Fourth, Harrison’s claim of a “falsus in uno, falsus in omnibus” fallacy is totally unfounded. Such a fallacy would only appear if I had argued simply “the November 15 report is false, therefore there was no extermination at Treblinka.” Anyone who will actually read what I wrote can easily see that this was not the structure of my argument. What does Harrison think he is accomplishing by repeatedly misrepresenting my position and responding to strawmen of interest only to himself? Is this the result of incompetence or malice? Perhaps both.
(Strictly speaking, the “falsus in uno, falsus in omnibus” principle applies to dismissing a particular witnesses because of a particular falsehood in his account, not to dismissing other witnesses because of a particular witness’ false account – but I have accepted Harrison’s broader use of the phrase for the sake of argument.)
Finally, Harrison claims that
Jansson also gaffes in his assumption that we can only be sure that nobody left Treblinka eastwards if there was “a 24/7 watch on Treblinka to make sure that Jews never left the camp.” Jansson seems unaware that Polish railway workers were reporting to the underground, despite this fact being noted in the Critique.
His paraphrase of my argument completely misrepresents what I said. The passage he quotes comes from the following paragraph:
As for Harrison’s argument that death was deduced from the fact that Jews never left the camp, he has evidently not read the sources which I cited, as they included articles which claimed that the deportees were killed without even mentioning Treblinka as a destination. Nor is there anything to support Harrison’s idea that claims of killing were based on a 24/7 watch on Treblinka to make sure that Jews never left the camp. Indeed, the “investigator” which he cites merely travelled to a destination some 20 miles from Treblinka – hardly suitable for such monitoring.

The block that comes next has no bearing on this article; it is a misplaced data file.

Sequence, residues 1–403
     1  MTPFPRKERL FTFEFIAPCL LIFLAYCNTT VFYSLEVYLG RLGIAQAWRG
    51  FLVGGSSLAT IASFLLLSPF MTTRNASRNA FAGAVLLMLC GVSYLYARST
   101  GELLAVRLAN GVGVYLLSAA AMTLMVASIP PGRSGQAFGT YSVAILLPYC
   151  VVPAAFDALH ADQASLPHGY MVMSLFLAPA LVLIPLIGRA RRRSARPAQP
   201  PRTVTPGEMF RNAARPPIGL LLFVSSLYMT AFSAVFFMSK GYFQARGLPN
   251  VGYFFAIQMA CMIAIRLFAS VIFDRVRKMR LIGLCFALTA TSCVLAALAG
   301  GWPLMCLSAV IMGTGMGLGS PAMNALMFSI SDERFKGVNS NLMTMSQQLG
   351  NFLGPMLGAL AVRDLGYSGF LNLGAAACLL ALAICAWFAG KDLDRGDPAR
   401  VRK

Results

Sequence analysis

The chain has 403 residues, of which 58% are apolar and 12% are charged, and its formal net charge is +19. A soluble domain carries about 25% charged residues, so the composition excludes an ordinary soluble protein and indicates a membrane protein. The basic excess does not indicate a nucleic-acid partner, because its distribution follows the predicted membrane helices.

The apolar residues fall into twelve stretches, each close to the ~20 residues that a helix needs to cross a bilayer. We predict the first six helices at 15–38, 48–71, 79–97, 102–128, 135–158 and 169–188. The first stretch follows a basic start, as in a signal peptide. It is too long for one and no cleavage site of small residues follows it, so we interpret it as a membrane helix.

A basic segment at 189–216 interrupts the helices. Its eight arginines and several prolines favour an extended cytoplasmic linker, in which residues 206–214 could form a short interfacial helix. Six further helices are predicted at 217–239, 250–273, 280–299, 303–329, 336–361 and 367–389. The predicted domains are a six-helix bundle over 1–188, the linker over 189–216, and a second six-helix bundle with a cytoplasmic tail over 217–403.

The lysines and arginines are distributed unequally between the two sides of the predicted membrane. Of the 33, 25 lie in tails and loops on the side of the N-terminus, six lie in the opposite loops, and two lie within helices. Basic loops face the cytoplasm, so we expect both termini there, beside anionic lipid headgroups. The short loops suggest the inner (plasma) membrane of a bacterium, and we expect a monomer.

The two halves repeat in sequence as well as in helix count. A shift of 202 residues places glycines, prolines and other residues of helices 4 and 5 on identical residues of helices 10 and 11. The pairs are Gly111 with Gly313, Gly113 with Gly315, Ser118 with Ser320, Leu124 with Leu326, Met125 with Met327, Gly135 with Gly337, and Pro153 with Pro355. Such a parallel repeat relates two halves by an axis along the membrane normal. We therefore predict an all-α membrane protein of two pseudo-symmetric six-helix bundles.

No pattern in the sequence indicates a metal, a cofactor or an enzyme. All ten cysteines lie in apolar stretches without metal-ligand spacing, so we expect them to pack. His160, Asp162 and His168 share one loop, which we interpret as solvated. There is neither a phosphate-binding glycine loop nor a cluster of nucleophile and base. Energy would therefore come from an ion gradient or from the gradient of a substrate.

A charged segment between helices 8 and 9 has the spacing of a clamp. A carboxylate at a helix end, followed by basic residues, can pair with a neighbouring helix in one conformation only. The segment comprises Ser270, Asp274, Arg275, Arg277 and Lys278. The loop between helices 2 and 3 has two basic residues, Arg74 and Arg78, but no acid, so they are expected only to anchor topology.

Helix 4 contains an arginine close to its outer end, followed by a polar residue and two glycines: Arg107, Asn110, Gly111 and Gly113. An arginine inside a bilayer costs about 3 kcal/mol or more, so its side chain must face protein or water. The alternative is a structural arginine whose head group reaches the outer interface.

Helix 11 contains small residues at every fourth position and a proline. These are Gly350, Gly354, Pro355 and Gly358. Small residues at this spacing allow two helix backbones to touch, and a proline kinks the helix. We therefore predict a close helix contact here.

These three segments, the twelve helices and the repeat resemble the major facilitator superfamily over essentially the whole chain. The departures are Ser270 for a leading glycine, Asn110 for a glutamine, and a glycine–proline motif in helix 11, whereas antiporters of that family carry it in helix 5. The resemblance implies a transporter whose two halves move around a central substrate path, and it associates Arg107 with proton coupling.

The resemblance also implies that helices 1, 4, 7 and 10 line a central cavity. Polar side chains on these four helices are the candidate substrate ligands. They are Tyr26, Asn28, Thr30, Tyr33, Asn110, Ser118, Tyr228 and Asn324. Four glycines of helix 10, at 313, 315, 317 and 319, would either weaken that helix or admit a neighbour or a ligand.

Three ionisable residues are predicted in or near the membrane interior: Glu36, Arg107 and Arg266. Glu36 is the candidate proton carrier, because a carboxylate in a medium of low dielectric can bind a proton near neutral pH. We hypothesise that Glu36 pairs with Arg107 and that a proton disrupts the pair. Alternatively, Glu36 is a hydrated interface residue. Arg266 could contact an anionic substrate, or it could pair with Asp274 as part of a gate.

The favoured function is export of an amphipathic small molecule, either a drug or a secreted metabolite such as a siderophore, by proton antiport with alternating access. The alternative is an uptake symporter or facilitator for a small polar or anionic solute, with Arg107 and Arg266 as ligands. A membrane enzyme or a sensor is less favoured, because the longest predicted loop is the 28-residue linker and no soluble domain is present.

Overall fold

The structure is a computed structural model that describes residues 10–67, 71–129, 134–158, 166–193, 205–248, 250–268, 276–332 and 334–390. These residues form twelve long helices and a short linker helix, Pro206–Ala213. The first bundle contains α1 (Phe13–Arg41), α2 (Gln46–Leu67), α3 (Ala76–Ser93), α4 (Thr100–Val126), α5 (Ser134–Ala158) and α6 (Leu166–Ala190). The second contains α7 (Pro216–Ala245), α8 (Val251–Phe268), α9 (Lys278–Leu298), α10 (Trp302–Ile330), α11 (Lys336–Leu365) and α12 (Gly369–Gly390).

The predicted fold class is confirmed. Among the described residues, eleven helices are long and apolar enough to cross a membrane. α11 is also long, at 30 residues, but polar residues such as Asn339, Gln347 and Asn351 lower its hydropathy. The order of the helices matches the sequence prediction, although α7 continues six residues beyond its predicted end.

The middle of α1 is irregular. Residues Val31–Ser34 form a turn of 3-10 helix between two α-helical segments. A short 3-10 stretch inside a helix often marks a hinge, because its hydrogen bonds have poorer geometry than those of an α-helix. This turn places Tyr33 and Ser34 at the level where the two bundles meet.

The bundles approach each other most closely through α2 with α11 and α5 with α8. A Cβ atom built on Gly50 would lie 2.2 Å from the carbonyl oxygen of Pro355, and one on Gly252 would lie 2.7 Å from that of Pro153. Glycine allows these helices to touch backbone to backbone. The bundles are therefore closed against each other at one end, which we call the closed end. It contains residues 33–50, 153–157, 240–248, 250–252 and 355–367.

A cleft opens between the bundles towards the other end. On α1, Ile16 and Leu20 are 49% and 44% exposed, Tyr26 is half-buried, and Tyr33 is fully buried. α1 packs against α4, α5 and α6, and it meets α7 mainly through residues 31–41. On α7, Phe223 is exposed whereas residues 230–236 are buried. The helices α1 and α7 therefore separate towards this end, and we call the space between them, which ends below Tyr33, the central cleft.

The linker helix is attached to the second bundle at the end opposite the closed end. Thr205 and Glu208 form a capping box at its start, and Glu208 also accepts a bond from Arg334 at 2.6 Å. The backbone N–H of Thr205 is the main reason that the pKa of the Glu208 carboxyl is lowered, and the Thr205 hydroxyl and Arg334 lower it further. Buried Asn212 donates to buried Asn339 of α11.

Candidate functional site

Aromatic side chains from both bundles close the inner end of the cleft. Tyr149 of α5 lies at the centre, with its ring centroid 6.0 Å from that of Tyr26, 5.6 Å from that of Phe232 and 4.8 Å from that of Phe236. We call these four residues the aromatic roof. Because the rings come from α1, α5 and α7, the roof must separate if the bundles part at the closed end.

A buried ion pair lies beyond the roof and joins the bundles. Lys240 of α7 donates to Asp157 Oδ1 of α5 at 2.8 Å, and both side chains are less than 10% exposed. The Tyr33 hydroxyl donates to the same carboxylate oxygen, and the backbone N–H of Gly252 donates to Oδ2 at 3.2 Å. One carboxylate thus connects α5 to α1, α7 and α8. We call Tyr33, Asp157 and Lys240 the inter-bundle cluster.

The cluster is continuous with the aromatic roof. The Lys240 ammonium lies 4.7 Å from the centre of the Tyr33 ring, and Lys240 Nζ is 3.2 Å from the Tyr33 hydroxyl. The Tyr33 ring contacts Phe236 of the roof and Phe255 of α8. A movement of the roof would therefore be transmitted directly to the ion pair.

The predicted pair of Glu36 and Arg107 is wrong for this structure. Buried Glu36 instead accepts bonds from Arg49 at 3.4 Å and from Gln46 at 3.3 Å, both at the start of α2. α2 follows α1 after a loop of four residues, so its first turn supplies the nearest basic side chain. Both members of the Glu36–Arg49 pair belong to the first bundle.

The context for this was that Harrison had quoted me referencing the earliest Treblinka extermination reports, and had attempted to justify their knowledge of extermination (but not the method whereby it was carried out) on the grounds that they had observed that the Jews went into Treblinka but never came out. I then replied with the above-quoted paragraph, pointing out that the earliest reports did not even identify Treblinka as a destination. Because Harrison had also made reference to an investigation which is said to have taken place in late-July 1942, I pointed out that this investigator could not be a source of monitoring, as he got nowhere near Treblinka. Harrison’s attempt to change the subject to reports of Polish railwaymen is irrelevant, for it concerns the question of whether in principle observations regarding Jews never leaving Treblinka could have been reported – something I never contested – rather than the issue we were discussing, namely whether the earliest reports that the Jews deported from Warsaw were killed were actually supported by such observations (they manifestly were not).
There is nothing in Harrison’s blog post that could not have been refuted by anyone who troubled to actually read my posts – that is, to read with an aim of comprehension. As Harrison has still not bothered to do this, I am as before puzzled as to what he imagines his blogs are achieving. They do not even attempt to rebut my actual arguments, and really deserve no response beyond